And I wonder if we wouldn’t imagine a similar kind of warning today: “Ok, you have an affinity group churches. You can gather with people who look like you, and vote like you, and watch the same news as you. But…
- the more distance you have from the other side and the less you know the other side, the more you will judge them.
- The more you judge, the more you will hate.
- The more you hate, the more you will see one another as less than human.
- The less human they become, the more willing you will be to hurt them – with words, and more. And the more all of that grows, the more the fires of hate and anger will consume you. Which is to say…the natural, obvious, easy fix will be the thing that consumes you.”
God’s warning in our passage fails to awaken the people to just what they are asking for. In fact, when Samuel gets a response from his warning, it comes not just from the elders but now from all of the people – indicating to us that at this point the leadership has the backing of the people on this.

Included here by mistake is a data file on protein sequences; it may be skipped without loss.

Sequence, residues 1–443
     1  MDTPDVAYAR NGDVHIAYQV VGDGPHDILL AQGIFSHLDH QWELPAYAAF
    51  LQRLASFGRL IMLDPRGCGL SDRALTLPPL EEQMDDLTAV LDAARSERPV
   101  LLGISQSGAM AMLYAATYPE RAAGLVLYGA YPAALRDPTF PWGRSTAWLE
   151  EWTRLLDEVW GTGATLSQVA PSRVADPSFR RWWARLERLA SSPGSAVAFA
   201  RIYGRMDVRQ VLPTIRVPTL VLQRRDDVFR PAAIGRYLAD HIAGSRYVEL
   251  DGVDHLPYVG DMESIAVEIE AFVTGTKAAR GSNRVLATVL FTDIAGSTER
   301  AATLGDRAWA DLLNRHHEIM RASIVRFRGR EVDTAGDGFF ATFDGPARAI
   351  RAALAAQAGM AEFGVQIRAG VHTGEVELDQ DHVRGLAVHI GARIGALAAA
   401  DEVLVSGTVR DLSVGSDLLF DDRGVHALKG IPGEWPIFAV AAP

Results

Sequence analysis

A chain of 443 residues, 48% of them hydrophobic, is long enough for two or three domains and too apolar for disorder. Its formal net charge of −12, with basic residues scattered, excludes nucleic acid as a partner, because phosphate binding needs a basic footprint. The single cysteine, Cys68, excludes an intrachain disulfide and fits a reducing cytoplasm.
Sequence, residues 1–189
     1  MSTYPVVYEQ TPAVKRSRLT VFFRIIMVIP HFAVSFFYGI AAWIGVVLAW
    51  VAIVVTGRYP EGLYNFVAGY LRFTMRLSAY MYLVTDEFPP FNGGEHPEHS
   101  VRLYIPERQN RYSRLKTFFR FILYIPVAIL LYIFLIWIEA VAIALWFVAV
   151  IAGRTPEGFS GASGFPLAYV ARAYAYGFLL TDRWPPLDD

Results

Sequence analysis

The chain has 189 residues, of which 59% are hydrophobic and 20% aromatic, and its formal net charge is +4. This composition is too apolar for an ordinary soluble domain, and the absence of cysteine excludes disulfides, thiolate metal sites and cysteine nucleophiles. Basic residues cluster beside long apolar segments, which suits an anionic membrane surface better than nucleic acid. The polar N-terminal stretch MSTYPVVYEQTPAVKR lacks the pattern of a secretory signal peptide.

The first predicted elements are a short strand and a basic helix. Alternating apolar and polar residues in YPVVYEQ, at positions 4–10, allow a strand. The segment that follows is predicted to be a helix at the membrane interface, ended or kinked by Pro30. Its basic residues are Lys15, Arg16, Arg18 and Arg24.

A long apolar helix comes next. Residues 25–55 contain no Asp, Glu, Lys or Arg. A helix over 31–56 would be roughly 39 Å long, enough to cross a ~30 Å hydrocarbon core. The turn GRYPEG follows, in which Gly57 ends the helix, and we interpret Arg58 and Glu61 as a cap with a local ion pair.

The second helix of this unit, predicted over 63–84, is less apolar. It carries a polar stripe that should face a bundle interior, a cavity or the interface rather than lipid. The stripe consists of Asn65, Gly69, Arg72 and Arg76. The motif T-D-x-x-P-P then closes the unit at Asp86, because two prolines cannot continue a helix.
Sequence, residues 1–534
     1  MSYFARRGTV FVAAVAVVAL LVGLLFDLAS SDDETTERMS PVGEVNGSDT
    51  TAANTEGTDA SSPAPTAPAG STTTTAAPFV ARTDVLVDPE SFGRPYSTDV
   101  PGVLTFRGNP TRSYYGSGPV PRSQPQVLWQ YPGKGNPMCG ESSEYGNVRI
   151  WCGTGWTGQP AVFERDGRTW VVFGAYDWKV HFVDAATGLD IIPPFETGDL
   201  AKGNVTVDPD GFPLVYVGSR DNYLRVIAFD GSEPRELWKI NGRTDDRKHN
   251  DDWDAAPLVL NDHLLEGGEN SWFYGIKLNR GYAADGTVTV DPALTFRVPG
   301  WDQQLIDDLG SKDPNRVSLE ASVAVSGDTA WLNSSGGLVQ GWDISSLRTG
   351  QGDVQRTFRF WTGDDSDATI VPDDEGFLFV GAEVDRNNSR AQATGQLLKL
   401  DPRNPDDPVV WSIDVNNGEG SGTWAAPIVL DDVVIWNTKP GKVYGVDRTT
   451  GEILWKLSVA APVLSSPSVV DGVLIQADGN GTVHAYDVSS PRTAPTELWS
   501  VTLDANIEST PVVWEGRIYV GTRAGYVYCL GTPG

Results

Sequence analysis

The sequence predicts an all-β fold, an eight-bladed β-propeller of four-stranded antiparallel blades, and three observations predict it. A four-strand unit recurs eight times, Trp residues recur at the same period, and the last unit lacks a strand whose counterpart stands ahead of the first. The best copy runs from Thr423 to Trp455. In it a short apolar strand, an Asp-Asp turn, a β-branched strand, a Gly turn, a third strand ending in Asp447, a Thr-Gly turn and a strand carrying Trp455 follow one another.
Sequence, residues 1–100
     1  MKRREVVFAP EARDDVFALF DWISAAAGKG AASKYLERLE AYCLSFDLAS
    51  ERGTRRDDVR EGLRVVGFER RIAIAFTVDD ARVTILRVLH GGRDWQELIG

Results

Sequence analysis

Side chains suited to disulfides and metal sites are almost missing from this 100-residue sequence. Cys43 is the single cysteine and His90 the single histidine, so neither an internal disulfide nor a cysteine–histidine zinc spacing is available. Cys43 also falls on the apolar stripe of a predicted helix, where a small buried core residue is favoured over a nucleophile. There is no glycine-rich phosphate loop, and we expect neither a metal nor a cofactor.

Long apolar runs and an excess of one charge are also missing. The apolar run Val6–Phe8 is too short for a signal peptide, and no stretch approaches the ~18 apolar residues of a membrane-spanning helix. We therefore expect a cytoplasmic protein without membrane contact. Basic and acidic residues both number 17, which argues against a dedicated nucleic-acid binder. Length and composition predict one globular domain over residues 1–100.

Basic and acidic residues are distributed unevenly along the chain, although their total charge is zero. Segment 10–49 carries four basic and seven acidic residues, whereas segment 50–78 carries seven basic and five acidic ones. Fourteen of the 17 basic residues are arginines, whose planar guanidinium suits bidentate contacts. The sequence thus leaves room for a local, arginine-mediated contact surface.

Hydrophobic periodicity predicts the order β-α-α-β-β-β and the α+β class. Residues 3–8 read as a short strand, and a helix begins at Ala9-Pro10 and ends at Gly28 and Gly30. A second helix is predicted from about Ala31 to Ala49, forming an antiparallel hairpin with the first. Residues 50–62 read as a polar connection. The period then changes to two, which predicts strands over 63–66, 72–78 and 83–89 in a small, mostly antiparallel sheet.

No!” they said. “We want a king over us. Then we will be like all the other nations, with a king to lead us and to go out before us and fight our battles.” And Saul is anointed as King shortly thereafter.
Yes, the people did very much discover themselves enslaved to the demands of their future kings, the prophetic warning was very true.
But here is the really strange – even peculiar – thing about all this: Even though the people have traded in that which makes them peculiar, God does not give up on them.
You keep reading the story and you will see that God sticks with the people of Israel. God ends up working with and through King Saul and then King David – and others beyond.
This is to say – the people choose wrongly, and still, God is faithful to work right through the wrong thing.
I imagine we may be tempted to think like some of the folks that the Apostle Paul encountered in the early church. He writes about them in the book of Romans when he says,